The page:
National Donor Day: Donating organs saves lives
All deaths are tragic. But out of tragedy can come a silver lining. Aliyah Boatwright’s silver lining was receiving a donated heart. When she was just a toddler, doctors found her heart was severely damaged. Without a transplant, she would have died. But, thanks to the generosity of an organ donor, she had a second chance at life. That could be you. Today is National Donor Day. Consider registering.
Nearly 113,000 people are on the national waiting list for organs, and 18 die each day waiting for transplants. While 100 million people in the U.S. have registered as donors, there is a critical need for more to sign up.
“We walk a tight line with this issue,” Mary Ganikos, head of education and outreach at the Health Resources and Services Administration’s Division of Transplantation, said. “One hundred million people have signed up, and that’s a wonderful thing. But only a small portion of people who die each year are medically able to be donors. So we need even more people to sign up to be donors. We don’t want people to think ‘oh, 100 million people are registered, the need is covered.”
Most organ donations come from brain deaths, when the brain stops functioning, perhaps due to stroke or head injury. There are relatively few brain deaths each year. Organs must be oxygenated to be of use, which often happens when a patient is on artificial support.
Anyone is eligible to register as a donor, regardless of age or health. An individual may have a very healthy heart but have lungs that are not appropriate for transplantation. A surgical transplant team will decide which organs, if any, are suitable for transplant.
“We don’t want people to rule themselves out for any reason,” Ganikos said. “I don’t want somebody who is 55 to say ‘I’m too old to be a donor.’ You are never too old. Any age is the right age to sign up to be a donor.”
Unfortunately, there is a drop-off in donor sign-ups after age 50, as people believe they are no longer candidates. In fact, there is no ideal candidate.
Regarding the ideal donor, Ganikos explained, “I don’t want to say someone who is really, really healthy because that is not the case. Your liver may not be very good but your heart may be great … the best donor is someone who signed up and got on the registry.”
Each state has access to a donor registry electronic database. Interested individuals sign up at the DMV or on the Internet and are listed in the database, which can be searched by specific donation professionals. In most states, an individual’s donor status also is displayed on his or her driver’s license.
The important thing to consider, Ganikos said, is that when organs fail, we have a treatment. Through transplant, a potential tragedy is fixable.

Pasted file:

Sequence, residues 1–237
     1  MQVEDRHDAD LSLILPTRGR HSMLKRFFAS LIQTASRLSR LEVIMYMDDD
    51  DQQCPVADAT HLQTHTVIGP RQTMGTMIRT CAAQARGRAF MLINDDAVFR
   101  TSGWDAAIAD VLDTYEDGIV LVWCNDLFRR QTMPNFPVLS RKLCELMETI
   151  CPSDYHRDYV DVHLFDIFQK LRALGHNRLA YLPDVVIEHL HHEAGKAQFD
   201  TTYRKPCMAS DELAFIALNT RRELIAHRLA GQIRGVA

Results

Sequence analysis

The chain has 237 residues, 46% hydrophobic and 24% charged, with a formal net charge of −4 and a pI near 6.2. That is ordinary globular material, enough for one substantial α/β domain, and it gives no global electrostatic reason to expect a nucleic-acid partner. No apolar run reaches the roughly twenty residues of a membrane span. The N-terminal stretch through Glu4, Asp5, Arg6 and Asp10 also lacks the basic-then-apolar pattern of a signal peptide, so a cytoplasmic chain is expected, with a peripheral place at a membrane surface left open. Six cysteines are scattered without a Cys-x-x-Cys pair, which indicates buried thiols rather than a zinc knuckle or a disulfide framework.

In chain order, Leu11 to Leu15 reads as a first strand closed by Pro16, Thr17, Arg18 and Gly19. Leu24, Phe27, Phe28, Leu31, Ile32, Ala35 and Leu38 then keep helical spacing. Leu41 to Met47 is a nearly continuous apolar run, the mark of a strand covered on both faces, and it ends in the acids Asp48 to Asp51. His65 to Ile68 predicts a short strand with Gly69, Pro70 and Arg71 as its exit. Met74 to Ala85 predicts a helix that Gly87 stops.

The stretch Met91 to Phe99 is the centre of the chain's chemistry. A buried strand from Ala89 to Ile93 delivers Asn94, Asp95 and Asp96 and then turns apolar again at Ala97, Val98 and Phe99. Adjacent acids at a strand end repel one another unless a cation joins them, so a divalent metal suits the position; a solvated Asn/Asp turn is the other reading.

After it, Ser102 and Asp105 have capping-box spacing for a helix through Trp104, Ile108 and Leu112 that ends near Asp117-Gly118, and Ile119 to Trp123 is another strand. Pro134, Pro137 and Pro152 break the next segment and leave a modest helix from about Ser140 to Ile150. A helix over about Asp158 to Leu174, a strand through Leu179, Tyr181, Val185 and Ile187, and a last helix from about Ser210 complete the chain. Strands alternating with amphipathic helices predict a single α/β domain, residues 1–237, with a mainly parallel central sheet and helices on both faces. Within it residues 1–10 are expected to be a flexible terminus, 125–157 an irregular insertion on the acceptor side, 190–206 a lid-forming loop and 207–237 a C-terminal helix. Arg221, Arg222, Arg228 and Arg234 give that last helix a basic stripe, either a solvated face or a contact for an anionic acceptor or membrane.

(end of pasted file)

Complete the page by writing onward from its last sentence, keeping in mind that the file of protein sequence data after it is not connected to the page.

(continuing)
“We have a treatment. We can restore them to a fully-functioning person. There are many other conditions, such as Alzheimer’s or advanced cancer, for which treatment options are few … In my book, anybody that dies on the waiting list dies a very needless death, because we do know how to restore that person’s health through organ transplantation,” Ganikos explained.
Kidneys top the list as most in demand, with 80 percent of the waiting list hoping to receive a kidney, usually due to chronic diseases such as hypertension and diabetes.
Finding the right match is tricky. First, the blood type has to be compatible. The tissue type must match, and height and weight may also figure in, especially for organs such as lungs and heart that must fit inside the rib cage.
Logistical factors are also important. Some organs can remain outside the body longer and can be transported longer distances. So many factors go into matching an organ that there is a huge demand for people to register.
As compatible blood types are a requirement for donation, there is a particular need for minority communities to step up, as certain ethnicities share similar blood types.
But race is not a factor in matching, and neither is fame or fortune. A computer algorithm keeps things fair. When an organ becomes available, the characteristics of the donor and the patient – height, weight, blood type, tissue typing, severity of illness, time on wait list, geography – are entered into a searchable registry and the best matches are determined.
Ganikos’ advice: “Do it. Just sign up.”
“Talk to your doctor and talk to your family. You can save a lot of lives,” she encouraged. “You can save up to eight lives. You can make a real difference. You can leave a legacy.”
If all organs are usable, eight lives can be saved: two lungs, two kidneys, heart, liver, intestines and pancreas. And various tissues such as bone, veins, heart valves and corneas can be donated and enhance up to 50 lives.
Organ donation does not just aid the transplant recipient, but also allows friends and family to find solace for their grief, knowing their loved one saved lives.
“Most people who have donated a deceased loved one’s organs indicate that it helps them with their grief,” Ganikos declared. “It is helpful because they are able to say that at least something good came out of a tragic situation. They are always eager to tell you ‘another person sees because he has my son’s cornea’ or ‘there’s a little girl living because she has a part of his liver.’”
National Donor Day was started, by Saturn automobile company and its UAW counterpart in the 1990s to promote donation of tissues, organs, blood, cord blood and marrow. From blood drives to providing resources and speakers, the car firm got out there in local communities to spread the word. In recent years, the focus shifted from raising awareness to promoting registry enrollment.
This National Donor Day, consider doing your part. If you want to be an organ, eye, and tissue donor, sign-up on your local donor registry today at www.organdonor.gov.